Trudeau announces $1.4B annual Canadian investment in women and girls' health

Trudeau announces $1.4B annual Canadian investment in women and girls' health

The inquiry's report, released Monday, is 1,200 pages long and contains 231 recommendations the inquiry says will end violence against Indigenous women, girls and two-spirit people.

Hundreds of families who lost loved ones attended the ceremony, many shedding tears and holding pictures of their daughters, sisters, cousins, aunts or mothers, who have been murdered or never found.

A damning report has accused the Canadian government of perpetuating genocide by inaction against indigenous women and girls.

"He gave us this national inquiry of MMIWG", Williams said.

Commissioner Qajaq Robinson said Monday that the process had tested her to her core as a non-Indigenous person, struggling to come to terms with her "role in Canada's genocide".

Marion Buller, the chief commissioner of the inquiry and a retired indigenous judge, defended the use of the word "genocide" to describe abuses against indigenous women in Canada.

Maloney says there is still work to be done, and they will not stop until they've accomplished their goal.

"It's our responsibility to hold all governments at all levels to account, to ensure that the recommendations of this report do not gather dust on some bureaucratic shelf in Ottawa like the Royal Commission on Aboriginal Peoples", he said.

But those figures could be a gross undercount, according to the commission, which concludes that "no one knows the exact number" because thousands of deaths and disappearances "have likely gone unrecorded".

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The inquiry, which cost C$92m ($67m; £53m), focused on the systemic causes of violence against indigenous women as well as on prevention.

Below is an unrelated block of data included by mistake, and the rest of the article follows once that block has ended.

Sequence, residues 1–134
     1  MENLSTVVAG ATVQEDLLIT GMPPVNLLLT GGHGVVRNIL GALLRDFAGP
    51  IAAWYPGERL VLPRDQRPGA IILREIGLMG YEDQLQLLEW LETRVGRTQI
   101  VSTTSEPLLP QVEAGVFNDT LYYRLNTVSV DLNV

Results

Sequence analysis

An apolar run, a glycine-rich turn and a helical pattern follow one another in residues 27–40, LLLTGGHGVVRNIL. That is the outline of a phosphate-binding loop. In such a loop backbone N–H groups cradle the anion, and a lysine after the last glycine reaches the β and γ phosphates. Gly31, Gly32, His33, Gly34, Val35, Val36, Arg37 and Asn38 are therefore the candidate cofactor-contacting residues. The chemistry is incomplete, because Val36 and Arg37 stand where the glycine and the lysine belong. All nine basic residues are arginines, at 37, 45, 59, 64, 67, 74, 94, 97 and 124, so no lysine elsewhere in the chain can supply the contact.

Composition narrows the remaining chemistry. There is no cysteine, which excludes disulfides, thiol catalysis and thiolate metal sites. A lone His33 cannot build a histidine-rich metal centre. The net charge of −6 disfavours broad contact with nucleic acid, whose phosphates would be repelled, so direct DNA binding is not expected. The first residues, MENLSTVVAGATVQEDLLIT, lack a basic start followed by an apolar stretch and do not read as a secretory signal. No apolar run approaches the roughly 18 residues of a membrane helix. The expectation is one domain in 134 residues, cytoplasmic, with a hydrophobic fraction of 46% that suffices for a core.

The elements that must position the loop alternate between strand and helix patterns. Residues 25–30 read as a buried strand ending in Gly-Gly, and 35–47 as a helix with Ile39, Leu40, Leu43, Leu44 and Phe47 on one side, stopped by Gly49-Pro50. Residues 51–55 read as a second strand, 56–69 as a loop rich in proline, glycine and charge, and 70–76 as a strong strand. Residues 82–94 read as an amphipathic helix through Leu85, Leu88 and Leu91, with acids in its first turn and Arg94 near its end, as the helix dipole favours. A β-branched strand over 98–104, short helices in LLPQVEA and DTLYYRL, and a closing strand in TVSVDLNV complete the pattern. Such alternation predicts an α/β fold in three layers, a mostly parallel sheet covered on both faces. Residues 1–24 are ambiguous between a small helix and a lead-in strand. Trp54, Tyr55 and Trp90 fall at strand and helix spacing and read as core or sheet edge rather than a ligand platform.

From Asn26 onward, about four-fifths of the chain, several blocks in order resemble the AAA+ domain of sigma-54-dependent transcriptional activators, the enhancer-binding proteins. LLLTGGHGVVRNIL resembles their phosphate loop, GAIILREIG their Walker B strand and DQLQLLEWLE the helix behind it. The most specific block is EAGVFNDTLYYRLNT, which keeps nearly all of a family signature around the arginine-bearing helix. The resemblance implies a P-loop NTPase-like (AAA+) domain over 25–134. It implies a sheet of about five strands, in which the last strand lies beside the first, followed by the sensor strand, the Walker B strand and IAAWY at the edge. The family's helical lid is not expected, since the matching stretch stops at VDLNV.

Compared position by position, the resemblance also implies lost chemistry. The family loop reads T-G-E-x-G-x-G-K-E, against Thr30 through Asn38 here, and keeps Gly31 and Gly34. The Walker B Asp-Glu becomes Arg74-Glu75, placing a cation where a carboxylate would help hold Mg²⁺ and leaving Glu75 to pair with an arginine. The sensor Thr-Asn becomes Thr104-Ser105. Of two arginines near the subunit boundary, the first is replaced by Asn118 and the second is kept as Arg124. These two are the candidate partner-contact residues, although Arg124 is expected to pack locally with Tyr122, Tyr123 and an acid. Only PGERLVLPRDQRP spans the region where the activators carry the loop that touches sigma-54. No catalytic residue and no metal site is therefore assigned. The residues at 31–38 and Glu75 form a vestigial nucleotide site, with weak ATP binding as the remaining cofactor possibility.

A "housing crisis" is a significant contributor to violence, and "improved economic and social services, including better employment opportunities and safer housing, are necessary".

The impact on these families is indescribable, he said. It recommends creating an independent task force to investigate unresolved cases and increasing punishments for violent offenses when the victims are indigenous women.

"It is important to acknowledge the many First Nation family members and survivors from Manitoba who had the courage, strength and determination to share their painful truths with the National Inquiry", he said. Trudeau's Conservative predecessor, Stephen Harper, said the issue had been "studied to death" and was not "really high" on his government's "radar". "It means it took this long for Canada to listen".

"I was hoping that he would have that courage", she said during a press conference. Police filed a report under an incorrect name; the case remains unsolved.

"It was Canadians that stood with us shoulder to shoulder on the streets demanding justice, and an inquiry, that wasn't done by Indigenous women alone or it wouldn't have happened", says Maloney.

She adds the Inquiry includes some harsh truths that need to be addressed sooner rather than later.

"I believe that other donors will follow, because this is historic leadership", she says of the investment.

She looks to countries where governments have rolled back on health issues - including in the US - explaining the choice to do so is negatively impacting the women that live in those places.